Archive for October 2008
In his book “Unconventional Success: A Fundamental Approach to Personal Investing,” David Swensen prescribes for retail investors an asset allocation markedly different from his management of Yale Endowment.
- Domestic Equity (30 percent) – Stocks in U.S.-based companies listed on U.S. exchanges.
- Emerging Market Equity (5 percent) – Stocks from emerging markets across the globe. Brazil, Russia, India, China, etc.
- Foreign Developed Equity (15 percent) – Stocks listed on major foreign markets in developed countries, such as the UK, Germany, France, and Japan.
- REITs or Real Estate Investment Trusts (20 percent) – Stocks of companies that invest directly in real estate through ownership of property.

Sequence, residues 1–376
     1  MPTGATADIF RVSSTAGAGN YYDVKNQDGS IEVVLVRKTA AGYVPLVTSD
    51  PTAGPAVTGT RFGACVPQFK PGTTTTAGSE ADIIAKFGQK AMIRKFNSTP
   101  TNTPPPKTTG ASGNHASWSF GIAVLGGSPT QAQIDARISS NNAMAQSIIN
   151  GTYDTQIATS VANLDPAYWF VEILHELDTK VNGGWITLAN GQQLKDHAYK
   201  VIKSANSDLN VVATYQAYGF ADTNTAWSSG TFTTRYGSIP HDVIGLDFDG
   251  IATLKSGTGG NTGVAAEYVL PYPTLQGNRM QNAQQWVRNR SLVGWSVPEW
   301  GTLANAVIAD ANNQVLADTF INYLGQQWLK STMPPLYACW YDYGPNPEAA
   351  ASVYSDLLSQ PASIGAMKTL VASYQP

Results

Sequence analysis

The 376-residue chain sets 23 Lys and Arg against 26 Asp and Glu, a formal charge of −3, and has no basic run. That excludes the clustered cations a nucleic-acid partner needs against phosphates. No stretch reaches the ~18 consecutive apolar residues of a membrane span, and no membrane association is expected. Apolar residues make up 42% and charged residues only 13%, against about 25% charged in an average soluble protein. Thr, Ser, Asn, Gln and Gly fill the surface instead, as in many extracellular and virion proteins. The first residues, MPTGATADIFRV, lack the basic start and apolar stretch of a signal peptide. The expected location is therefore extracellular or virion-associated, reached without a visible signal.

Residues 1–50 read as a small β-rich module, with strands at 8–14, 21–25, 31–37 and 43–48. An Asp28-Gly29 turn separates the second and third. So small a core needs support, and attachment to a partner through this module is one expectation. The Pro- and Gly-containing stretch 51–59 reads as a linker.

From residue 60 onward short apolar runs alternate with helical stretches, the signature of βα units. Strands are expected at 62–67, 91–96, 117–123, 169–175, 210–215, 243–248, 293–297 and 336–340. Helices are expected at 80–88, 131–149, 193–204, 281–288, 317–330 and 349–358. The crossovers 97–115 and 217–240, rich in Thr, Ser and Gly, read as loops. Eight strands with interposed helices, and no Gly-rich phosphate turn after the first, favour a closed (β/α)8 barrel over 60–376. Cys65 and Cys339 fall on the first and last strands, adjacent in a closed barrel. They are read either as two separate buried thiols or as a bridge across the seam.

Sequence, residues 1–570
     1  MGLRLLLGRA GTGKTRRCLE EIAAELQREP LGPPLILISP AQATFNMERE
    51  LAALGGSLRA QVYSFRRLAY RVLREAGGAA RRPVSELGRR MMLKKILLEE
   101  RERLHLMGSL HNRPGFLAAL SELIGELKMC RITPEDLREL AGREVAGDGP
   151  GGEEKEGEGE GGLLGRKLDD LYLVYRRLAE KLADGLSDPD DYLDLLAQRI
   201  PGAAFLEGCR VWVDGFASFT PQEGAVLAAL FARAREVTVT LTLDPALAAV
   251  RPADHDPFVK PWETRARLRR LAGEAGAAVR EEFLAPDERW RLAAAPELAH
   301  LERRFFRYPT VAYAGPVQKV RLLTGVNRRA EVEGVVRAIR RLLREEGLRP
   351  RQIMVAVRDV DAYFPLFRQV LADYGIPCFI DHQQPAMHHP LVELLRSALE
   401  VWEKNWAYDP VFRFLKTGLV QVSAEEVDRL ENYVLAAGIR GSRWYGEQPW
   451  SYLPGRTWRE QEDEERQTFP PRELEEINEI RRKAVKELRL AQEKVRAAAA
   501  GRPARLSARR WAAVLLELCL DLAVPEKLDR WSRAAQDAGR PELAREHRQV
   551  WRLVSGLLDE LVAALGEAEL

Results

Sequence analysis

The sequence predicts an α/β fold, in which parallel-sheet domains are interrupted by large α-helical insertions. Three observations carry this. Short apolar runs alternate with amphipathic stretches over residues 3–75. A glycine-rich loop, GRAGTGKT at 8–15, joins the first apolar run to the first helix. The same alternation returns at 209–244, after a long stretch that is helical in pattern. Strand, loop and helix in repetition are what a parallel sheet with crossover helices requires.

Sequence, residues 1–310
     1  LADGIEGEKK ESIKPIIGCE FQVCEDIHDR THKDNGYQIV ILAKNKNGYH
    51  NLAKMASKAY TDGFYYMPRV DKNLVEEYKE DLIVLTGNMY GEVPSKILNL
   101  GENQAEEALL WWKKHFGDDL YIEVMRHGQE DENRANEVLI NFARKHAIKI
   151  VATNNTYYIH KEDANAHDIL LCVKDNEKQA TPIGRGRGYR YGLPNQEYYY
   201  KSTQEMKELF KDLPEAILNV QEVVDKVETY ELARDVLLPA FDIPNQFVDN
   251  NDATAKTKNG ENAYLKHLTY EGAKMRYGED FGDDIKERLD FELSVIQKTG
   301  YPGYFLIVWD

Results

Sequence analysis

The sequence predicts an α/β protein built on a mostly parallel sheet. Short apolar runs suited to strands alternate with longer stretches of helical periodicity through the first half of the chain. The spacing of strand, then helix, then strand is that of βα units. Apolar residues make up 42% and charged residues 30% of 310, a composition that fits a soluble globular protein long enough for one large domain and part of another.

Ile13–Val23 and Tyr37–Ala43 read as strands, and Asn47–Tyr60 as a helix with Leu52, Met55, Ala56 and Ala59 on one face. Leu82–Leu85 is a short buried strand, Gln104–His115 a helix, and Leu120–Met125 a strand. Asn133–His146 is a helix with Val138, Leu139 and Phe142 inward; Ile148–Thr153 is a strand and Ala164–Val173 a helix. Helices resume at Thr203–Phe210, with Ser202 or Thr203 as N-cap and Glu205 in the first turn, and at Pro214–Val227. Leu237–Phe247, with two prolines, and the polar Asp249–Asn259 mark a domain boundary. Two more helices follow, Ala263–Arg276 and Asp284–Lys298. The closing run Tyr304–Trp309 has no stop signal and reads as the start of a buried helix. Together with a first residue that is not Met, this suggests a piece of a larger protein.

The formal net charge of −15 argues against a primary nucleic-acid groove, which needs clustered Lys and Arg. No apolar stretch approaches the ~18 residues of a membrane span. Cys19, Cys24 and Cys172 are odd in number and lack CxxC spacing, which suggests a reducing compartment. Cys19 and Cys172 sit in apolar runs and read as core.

- U.S. Treasury Notes and Bonds (15 percent) – These are fixed-interest U.S. government debt securities that mature in more than one year. Notes and bonds pay interest semi-annually. The income is only taxed at the federal level.
- TIPs or U.S. Treasury Inflation-Protection Securities (15 percent) – These are special types of Treasury notes that offer protection from inflation, as measured by the Consumer Price Index. They pay interest every six months and the principal when the security matures.
In a recent ABC news piece, Dr. David Swensen, manager of $34 billion Yale Endowment had this to say about Jim Cramer:
On ‘Mad Money,’ Cramer promotes a mindless short-term approach to markets by encouraging frenetic trading of individual stocks. Such a high-cost, tax-inefficient strategy almost guarantees failure.
In the same article, my view on Jim Cramer was also mentioned:
Zhuang is no fan of Cramer. Like Swensen and Ehrenberg, he argues against frequent trades and says Cramer may be influencing investors to overreact to financial news.
Get my white paper: The Informed Investor: 5 Key Concepts for Financial Success.